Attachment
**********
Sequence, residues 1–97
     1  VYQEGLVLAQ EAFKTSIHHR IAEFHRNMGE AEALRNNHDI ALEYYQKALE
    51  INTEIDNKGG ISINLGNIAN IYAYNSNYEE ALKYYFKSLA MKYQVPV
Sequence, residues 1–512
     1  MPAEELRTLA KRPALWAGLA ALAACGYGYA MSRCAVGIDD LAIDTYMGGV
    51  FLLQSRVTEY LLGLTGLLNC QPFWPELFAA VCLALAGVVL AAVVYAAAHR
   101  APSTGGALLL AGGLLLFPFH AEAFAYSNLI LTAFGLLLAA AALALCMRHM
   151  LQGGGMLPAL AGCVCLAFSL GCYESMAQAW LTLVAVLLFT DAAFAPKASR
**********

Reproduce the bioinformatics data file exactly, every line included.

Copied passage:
Sequence, residues 1–97
     1  VYQEGLVLAQ EAFKTSIHHR IAEFHRNMGE AEALRNNHDI ALEYYQKALE
    51  INTEIDNKGG ISINLGNIAN IYAYNSNYEE ALKYYFKSLA MKYQVPV
Sequence, residues 1–512
     1  MPAEELRTLA KRPALWAGLA ALAACGYGYA MSRCAVGIDD LAIDTYMGGV
    51  FLLQSRVTEY LLGLTGLLNC QPFWPELFAA VCLALAGVVL AAVVYAAAHR
   101  APSTGGALLL AGGLLLFPFH AEAFAYSNLI LTAFGLLLAA AALALCMRHM
   151  LQGGGMLPAL AGCVCLAFSL GCYESMAQAW LTLVAVLLFT DAAFAPKASR